Conversations about the blues tend to be conversations about roots, of musical family trees and lineages. Often, the question of when a player began gigging becomes one about who else was on stage then and how that person dated back to those who came before.
St. Louis bluesman Tony Campanella is no different. He's got a new album out, Taking it to the Streets — that's the news hook here — but naturally, he takes it back a bit first.
"I've played in Soulard for 30 years," says Campanella. "Most of my time was spent at the old Mike & Min's, which is no longer around, or at the 1860 Saloon. Mike & Min's was definitely more of a traditional blues bar, and when I came up it was one of the first places for me to play. I was doing that with Tommy Bankhead. While they were very traditional, they were also accepting of what I was doing."
At only twenty, Campanella was gigging before his legal drinking age. A handful of years later, though, a wife and child came into the picture and music took on a different dimension. Though continuing to gig, he was now juggling family life and club life. But a piece of the puzzle was missing: a recording with his name on the cover.
Within the last year, longtime area guitarist and songwriter Mike Zito, who, like Campanella, came up in the scene in the mid-'90s, finally convinced Campanella to release a debut solo album via Zito's own Gulf Coast Records. To get there, he and his band went into the studio with songs from both Zito and Campanella, and the idea of creating as live a sound as possible.
"It was a completely new experience for me. We did a lot of it live, the three of us looking at each other in the studio and letting it happen organically. You could almost compare it to a live show," Campanella says. "It was the three of us in the same room, doing the same parts, not smashing it all together later. For a first-time experience in the studio, it was exactly how I'd have wanted or imagined it to be."
Though Campanella admits he felt some pressure before the recording was completed, he says Zito offered some good advice about being nervous.
"'It's just about capturing a moment in time. So just play in the moment and we'll get a good record,'" he recalls Zito saying. "And he was right about that. I think we have a good-sounding record with good songs. He did an amazing job as a producer, since we did eleven songs in two and a half days. He was the guy, he was the taskmaster. He kept things rolling and, with limited time and budget, he did a great job of keeping us on track and adding little changes that added to the feel, if you will, of my songs. He couldn't have been any better. We made a good record together. "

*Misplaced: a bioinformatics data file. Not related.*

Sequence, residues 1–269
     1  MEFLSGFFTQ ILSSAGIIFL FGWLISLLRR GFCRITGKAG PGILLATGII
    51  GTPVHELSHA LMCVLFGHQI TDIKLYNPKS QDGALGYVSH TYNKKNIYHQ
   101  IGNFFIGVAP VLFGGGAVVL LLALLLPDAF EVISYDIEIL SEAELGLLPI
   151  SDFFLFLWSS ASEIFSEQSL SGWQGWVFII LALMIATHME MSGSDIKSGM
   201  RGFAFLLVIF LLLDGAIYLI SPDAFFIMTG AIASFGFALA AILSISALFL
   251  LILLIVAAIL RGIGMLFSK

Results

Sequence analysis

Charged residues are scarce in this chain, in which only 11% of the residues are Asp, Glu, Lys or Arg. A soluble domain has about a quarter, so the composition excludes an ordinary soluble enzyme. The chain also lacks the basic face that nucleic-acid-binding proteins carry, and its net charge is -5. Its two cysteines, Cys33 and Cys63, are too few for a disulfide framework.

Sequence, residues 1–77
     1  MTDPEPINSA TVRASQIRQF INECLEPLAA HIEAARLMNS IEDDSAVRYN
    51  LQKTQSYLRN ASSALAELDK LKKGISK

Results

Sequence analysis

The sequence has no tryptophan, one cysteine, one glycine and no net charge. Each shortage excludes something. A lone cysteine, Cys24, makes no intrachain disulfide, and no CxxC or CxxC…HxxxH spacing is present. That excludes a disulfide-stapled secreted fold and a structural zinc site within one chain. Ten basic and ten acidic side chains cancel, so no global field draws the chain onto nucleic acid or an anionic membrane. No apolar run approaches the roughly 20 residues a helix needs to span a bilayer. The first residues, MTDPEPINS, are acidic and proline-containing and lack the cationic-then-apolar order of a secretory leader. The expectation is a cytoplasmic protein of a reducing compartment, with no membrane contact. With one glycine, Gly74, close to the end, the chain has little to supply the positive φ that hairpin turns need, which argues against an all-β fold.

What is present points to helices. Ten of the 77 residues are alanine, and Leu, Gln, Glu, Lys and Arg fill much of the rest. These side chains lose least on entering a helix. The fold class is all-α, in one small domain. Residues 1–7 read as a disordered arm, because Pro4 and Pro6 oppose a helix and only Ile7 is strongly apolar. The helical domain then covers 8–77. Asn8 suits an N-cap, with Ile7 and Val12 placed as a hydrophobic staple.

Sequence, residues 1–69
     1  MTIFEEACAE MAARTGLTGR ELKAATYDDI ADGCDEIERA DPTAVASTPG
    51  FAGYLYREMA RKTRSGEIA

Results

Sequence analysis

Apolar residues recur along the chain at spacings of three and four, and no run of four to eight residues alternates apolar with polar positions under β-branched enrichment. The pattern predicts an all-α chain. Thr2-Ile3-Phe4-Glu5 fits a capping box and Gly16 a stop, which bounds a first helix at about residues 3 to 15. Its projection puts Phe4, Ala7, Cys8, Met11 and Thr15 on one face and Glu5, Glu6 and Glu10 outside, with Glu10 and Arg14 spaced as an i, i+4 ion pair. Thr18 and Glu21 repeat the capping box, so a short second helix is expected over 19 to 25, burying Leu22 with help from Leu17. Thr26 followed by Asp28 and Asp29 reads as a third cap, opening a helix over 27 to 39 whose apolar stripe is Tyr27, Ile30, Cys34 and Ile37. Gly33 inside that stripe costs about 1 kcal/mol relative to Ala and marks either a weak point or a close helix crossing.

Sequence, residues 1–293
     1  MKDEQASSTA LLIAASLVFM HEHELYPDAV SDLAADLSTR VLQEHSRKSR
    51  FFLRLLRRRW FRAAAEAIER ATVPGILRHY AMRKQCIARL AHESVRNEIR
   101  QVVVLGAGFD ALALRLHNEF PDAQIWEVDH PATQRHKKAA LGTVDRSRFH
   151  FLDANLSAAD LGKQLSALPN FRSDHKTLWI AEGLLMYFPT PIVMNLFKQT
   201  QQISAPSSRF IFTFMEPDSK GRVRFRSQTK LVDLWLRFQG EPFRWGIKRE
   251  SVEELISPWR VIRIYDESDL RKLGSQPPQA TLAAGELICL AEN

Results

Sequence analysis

Campanella says he'd describe his sound as blues-rock. It's an apt description.
"It's not traditional blues. It's a little heavier than that," he says. "It's kind of what I listened to growing up, what I played then. I have a huge influence from my uncles, in particular, who turned me on to traditional blues. But I was also listening to Jimi Hendrix, Van Halen, the Stones. And all of that's in there."
Playing this weekend with peer Jeremiah Johnson, Campanella feels that he's in a unique middle ground of players bringing their own take on the St. Louis blues and linking generations.
He feels, too, that the local blues scene is in a good place in 2019.
"Yeah, I'm very optimistic about the blues scene here," he says. "There's such a foundation of guys like Henry Townsend, Tommy Bankhead, Big George Brock. And then there are new guys like Marquise Knox and Little Dylan that are keeping the tradition going. Then there are guys like me, like Jeremiah, who grew up listening to that older scene, but we've got our own flair. It's an offshoot of that traditional sound and there are still a lot of people who want to hear it."